For several weeks a giant sea serpent has laid siege on the coastal village of Ithaca, causing several fishermen, tired of being the beast's personal buffet, to petition King Leyeritis for some much needed help. Luckily for them, Hercules just happens to be reveling in the King's Court and gladly volunteers to help slay the monster. His bestest chum, Ulysses (Cerusico), also volunteers to go; and as the boys and their small crew prepare to set sail, leaving their worried womenfolk behind, they promise to be back before the sun sets. And with that, after Herc easily pulls up the giant stone anchor, they're off -- right into the teeth of a vicious storm! Then, to make matters even worse, the lookout spies the sea monster and raises the alarm (-- and so help me, I'm not making this up, but that "sea serpent" sure looks like an otter to me). Moving quickly, Herc harpoons the beast and tries to reel it in, but the beast proves too strong and, instead, drags them farther and farther out onto a dark and turbulent sea.
The next morning, as wreckage from their boat washes ashore, a carrier pigeon arrives bearing news, assuring all the expedition is okay -- well, if being reduced to floating around on what's barely left of the ship means "okay" -- but they might be out to sea a little while longer than originally anticipated. Cast adrift, what's left of the hungry crew wants to eat the remaining pigeons and threatens mutiny. But as Herc chucks them all in the drink to cool off, land is spotted. But the Greeks are unfamiliar with the native flora and fauna -- but eat it anyway. They also attract the attention of a very large and cantankerous bull. And when the beast charges them, Hercules counters, bopping the bovine on the head several times, killing it. They eat that, too. Then, they follow a path and come upon a village and, judging by the native garb, Hercules conjectures they must be in the land Judea.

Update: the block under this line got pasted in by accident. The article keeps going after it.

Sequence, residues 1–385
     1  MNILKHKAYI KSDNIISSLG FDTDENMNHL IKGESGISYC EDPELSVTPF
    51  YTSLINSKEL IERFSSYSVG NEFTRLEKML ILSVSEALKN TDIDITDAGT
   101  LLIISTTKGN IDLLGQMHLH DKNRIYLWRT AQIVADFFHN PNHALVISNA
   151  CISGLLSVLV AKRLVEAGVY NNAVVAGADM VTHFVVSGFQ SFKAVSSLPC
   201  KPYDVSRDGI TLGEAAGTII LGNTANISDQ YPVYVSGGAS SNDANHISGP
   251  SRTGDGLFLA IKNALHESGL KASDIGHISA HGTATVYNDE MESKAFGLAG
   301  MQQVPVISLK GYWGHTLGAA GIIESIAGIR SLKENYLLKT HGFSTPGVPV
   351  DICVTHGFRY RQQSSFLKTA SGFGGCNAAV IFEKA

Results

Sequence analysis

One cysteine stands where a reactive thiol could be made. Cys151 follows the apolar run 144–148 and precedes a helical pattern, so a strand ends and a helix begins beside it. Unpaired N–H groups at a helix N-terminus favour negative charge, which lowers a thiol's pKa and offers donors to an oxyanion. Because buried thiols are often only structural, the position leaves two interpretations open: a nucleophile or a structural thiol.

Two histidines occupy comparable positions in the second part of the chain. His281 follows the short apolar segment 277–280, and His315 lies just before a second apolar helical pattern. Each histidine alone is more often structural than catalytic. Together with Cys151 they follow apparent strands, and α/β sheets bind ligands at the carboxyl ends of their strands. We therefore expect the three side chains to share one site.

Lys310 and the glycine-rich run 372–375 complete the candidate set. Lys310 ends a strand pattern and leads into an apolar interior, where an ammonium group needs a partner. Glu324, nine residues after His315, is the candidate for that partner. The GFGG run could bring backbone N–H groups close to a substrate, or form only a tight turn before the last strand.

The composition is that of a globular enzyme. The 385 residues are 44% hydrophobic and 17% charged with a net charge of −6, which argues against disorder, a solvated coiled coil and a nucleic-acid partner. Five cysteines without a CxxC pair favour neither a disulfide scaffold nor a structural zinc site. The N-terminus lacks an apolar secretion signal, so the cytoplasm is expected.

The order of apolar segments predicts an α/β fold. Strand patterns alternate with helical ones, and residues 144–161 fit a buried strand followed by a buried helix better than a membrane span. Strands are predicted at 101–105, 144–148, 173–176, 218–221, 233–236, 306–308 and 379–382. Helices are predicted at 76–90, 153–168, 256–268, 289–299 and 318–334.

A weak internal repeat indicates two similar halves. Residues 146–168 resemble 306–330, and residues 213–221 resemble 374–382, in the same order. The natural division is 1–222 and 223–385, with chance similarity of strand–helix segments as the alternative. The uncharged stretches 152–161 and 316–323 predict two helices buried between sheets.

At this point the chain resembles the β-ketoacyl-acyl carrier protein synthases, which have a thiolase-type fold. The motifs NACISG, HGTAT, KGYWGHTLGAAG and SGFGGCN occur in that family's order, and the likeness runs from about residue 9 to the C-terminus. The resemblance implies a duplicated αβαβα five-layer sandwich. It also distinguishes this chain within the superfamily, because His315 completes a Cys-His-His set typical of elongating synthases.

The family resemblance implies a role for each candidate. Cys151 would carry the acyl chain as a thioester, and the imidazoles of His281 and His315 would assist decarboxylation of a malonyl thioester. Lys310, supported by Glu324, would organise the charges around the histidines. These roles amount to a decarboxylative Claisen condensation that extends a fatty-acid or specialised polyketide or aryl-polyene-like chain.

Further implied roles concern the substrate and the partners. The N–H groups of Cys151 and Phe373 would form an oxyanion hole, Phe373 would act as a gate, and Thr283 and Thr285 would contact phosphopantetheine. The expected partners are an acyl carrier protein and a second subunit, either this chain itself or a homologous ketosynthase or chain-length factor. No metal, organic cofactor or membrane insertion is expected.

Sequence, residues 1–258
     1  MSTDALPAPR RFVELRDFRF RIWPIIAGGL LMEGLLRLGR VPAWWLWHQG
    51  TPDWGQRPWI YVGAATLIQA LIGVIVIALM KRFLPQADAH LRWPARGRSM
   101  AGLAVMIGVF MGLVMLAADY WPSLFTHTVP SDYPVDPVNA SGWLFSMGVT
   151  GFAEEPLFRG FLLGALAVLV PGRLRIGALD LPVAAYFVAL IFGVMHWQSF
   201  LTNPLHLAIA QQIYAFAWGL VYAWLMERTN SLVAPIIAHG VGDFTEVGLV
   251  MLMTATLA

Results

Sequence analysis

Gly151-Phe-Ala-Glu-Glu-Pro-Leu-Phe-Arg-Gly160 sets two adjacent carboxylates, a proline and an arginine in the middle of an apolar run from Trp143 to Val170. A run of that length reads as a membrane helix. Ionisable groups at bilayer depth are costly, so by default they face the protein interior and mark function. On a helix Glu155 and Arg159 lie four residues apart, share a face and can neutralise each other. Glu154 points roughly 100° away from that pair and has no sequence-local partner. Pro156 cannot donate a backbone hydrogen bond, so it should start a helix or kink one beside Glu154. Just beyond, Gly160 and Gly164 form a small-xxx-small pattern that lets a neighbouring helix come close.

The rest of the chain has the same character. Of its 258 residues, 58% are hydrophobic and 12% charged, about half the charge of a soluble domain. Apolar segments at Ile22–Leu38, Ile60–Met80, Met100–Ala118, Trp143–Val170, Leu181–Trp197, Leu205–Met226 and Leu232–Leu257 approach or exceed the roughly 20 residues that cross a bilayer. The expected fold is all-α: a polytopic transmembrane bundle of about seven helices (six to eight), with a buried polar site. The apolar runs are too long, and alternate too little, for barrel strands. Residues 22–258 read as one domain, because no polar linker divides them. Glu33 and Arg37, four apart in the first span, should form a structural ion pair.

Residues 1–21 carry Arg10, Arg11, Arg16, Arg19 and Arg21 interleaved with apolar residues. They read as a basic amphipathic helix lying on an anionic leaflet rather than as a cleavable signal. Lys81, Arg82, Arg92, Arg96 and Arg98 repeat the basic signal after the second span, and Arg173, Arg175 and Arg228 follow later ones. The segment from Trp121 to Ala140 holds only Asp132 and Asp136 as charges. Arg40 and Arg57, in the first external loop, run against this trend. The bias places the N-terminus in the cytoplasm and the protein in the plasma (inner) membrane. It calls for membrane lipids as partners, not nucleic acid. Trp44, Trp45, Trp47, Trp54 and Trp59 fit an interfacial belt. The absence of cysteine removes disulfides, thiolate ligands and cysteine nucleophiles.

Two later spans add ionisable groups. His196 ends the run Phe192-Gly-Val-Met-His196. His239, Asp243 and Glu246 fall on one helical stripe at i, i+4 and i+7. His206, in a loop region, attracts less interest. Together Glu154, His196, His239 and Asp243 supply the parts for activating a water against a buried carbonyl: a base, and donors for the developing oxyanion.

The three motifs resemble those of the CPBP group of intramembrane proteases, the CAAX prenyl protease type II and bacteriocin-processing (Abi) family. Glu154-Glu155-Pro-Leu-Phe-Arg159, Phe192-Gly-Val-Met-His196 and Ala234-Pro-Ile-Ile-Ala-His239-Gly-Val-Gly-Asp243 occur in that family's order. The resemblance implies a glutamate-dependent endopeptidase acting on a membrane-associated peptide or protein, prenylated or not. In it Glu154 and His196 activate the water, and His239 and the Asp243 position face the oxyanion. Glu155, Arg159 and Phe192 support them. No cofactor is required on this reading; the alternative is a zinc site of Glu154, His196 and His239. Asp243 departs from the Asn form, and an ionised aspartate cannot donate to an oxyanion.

Soon spotted, the villagers eye these new strangers warily -- especially a very large native, Samson (Lloyd), who watches them from the shadows, fearing they might be Philistine spies sent to kill him. And I think we all know where this is heading, right? Right...
Hercules, Samson and Ulysses (1965) was another one of those movies that evaded my grasp for far, far too long. I caught my first glimpse of it over a decade ago after stumbling home from the bar one night, drunk as a skunk, as one normally was after stumbling home from the bar, and kicked on the old boob-tube in time to see some kind of period piece on one of the Super-Stations, where a village was in the process of being massacred by a bunch of baddies. Through my booze induced fog, I watched as people were brazenly crucified against their houses, strung up, burned out, and the rest drug off in chains. Despite this carnage, I kinda faded in and out after that, but clearly remembered watching a muscle-bound hero exact some tasty revenge for those peasants in an equally spectacular fashion. And as this mind-boggling spectacle of carnage and flying boulders continued I realized two things: one, judging by the beefy hero and dubbed voices, this had to be some kind of Italian Hercules movie. And two, this, in my stupor, could quite possibly be the greatest freakin' movie ever made! And then I promptly passed out in the recliner before the movie ended.